Even the smallest showcase effective structure.
"The Flying Kreisslers", originally appeared in an anthology of short stories by Hollywood screenwriters entitled "Popcorn Fiction." This site no longer exists, but I was fortunate to have a reader send me the text of the short story discussed below. You can read the story here: Resurrecting the Flying Kriesslers (and I would suggest reading it before proceeding--it's great).
I’ve read the first by Scott Frank (Get Shorty, Out of Sight, Minority Report) and instantly loved the pace and voice. From an analysis viewpoint (and as I get ready for another year of teaching story at CalArts), it’s interesting what parts of a complete story survive the transition to a shorter form. A short story can’t be a complete story because, well, it’s short.
In Frank’s The Flying Kreisslers we have the plot progression of the Main Character and the resolution of that throughline. If you haven’t read it yet, go do it. It’s short and it’s awesome and I’m about to spoil it…
Ivan’s throughline seems to be one about manipulation (both the manipulations imposed upon him by his wife and the manipulations he endeavors upon himself). When he finds out about Tonda, he begins to act like his wife’s lover in order to win her back. When he finds out about Geek, he develops a plan to make her jealous by finding a lover for himself. Of course, Ivan’s plans backfire when he fails to seduce Nadia and consequently endures the worst humiliation when his wife seems perfectly at ease with what their marriage is becoming (“she thought his flirtations with Nadia ‘cute’”).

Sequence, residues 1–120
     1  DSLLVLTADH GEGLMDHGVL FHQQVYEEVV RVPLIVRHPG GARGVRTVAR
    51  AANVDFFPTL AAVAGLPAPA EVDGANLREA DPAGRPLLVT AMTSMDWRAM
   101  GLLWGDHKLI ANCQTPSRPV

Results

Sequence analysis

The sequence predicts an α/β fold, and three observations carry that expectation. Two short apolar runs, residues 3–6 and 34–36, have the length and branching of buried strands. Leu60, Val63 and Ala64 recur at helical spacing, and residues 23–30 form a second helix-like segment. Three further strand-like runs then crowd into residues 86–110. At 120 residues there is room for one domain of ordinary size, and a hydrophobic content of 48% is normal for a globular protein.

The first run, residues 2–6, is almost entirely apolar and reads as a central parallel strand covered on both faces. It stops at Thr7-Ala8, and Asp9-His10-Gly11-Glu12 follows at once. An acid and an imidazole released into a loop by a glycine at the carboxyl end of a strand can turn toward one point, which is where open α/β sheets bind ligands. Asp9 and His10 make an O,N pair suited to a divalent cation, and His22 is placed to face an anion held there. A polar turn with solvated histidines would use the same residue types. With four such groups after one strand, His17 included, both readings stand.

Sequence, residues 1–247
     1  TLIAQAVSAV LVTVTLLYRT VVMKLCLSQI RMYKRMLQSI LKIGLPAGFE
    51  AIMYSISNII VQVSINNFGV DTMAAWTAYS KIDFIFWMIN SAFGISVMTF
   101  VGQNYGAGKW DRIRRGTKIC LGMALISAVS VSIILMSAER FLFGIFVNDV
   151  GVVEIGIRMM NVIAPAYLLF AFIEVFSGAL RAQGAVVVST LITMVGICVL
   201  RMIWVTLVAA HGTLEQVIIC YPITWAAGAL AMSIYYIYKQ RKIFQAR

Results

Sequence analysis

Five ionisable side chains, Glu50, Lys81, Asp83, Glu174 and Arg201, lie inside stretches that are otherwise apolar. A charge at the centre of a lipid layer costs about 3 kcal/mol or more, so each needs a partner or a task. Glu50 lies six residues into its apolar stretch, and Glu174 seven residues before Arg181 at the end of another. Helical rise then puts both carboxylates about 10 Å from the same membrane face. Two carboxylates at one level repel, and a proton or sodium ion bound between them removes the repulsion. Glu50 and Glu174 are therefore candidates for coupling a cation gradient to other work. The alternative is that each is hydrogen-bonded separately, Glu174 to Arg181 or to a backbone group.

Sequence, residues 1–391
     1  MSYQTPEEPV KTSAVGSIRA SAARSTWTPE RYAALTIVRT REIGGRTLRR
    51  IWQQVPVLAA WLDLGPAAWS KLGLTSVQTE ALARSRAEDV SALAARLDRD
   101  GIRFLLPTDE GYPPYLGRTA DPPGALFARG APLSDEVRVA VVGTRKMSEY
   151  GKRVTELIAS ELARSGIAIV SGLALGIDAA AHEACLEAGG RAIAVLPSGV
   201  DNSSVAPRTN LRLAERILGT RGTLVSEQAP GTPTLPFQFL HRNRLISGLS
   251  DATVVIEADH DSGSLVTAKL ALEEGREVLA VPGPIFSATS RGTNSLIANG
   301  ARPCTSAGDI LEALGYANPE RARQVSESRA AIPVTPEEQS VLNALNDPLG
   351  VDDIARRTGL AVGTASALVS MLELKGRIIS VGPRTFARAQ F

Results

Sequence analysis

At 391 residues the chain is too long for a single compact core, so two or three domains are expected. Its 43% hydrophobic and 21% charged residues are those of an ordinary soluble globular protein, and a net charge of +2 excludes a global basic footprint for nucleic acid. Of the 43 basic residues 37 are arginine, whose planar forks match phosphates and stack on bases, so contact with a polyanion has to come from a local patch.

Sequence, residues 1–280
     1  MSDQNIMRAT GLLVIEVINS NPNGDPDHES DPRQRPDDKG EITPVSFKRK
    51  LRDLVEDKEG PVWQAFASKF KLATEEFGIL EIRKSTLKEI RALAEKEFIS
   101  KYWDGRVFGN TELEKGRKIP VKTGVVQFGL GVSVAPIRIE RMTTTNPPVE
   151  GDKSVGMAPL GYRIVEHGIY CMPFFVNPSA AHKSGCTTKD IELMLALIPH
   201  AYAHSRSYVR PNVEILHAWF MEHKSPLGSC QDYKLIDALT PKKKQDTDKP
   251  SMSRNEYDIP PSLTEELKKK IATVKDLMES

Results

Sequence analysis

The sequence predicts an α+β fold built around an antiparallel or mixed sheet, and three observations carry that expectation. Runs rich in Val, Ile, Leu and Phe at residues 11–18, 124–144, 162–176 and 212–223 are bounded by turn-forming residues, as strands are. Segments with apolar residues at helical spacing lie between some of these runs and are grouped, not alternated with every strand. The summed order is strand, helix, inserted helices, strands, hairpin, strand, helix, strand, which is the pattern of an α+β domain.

This, of course, leads into the final “act” wherein Ivan finds himself coming up with a most despicable idea: killing his own wife. The circle is complete and Ivan’s short story is over. Wrapping things up we learn that Ivan is at peace with the way things are (“he couldn’t help feeling it was all for the best”).
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